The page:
The best way, I'm afraid, is to read the RFCs [xmpp.org] (mostly 3920 and 3921. There are updated, clearer drafts, 3920bis and 3921bis, a link away from that page) and XEPs [xmpp.org] (XMPP Extension Proposal). There's also a book [oreilly.com] , but I heard that it's a bit outdated.

Re:XMPP is a PITA (1)

MasterC (70492) | more than 6 years ago | (#22292894)

the one you used is for javascript
What the hell?

http://pyxmpp.jajcus.net/ [jajcus.net]

PyXMPP -- Python Jabber/XMPP implementation
How do you get javascript from that?!?!?!

As for this part:

there must be an unwritten agreement that it's no use for each library to re-explain the workings of XMPP...
I don't need the library to hold my hand and explain XML, the concept of "online" vs. "away", etc. I want a page that says you have to: connect, authenticate, pull down a roster, send presence notifications, and then send messages. If RFCs are the sole course of using XMPP then you've missed my point completely.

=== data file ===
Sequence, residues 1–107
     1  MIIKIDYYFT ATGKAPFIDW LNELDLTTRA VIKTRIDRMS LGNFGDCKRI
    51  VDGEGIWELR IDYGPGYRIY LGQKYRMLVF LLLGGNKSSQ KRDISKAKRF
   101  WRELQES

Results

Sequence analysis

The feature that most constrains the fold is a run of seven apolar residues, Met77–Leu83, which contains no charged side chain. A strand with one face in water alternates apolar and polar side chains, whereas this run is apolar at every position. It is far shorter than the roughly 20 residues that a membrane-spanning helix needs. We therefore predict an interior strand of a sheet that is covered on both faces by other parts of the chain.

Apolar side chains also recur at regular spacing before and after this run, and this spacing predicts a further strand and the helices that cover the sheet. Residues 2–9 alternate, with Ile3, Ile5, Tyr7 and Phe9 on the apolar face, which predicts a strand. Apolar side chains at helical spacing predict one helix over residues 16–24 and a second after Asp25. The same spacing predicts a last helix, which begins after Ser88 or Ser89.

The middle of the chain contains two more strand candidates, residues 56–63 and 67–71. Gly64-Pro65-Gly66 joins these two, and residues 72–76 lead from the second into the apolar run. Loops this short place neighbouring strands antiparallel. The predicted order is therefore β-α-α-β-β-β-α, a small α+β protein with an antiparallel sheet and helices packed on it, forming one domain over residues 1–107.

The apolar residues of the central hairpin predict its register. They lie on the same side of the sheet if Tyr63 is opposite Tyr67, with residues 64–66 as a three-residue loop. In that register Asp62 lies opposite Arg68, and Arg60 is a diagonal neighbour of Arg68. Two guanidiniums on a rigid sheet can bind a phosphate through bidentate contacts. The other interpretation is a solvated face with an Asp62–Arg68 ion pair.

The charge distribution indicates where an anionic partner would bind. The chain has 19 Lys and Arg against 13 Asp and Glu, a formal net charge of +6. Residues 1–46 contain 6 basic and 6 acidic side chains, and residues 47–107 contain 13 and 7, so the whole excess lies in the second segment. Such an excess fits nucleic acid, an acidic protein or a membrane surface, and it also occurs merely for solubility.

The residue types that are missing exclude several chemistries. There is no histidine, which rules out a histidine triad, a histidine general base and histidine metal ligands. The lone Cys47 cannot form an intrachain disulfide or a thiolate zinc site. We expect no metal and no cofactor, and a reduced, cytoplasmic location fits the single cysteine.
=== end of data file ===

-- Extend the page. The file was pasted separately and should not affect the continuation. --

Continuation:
Seriously, if your answer to "I want to send a message via an XMPP library" is to read the RFCs then your library isn't worth using. I'm all for understanding how protocols work ("oooo, presence stanzas have priority levels?!") but when time is money the utility is much more important.

Re:XMPP is a PITA (2, Informative)

Jerf (17166) | more than 6 years ago | (#22292116)

There are a lot of very crappy (IMHO) libraries that do nothing but wrap the XML and present it to you in some form, leaving it entirely up to you to do, well, everything else.

If you are enough of a programmer to deal with Jabber, which means being comfortable with XML, this is by far the easiest bit of working with Jabber. All the tricky bits like connecting and stuff are the harder bits worth writing a library for.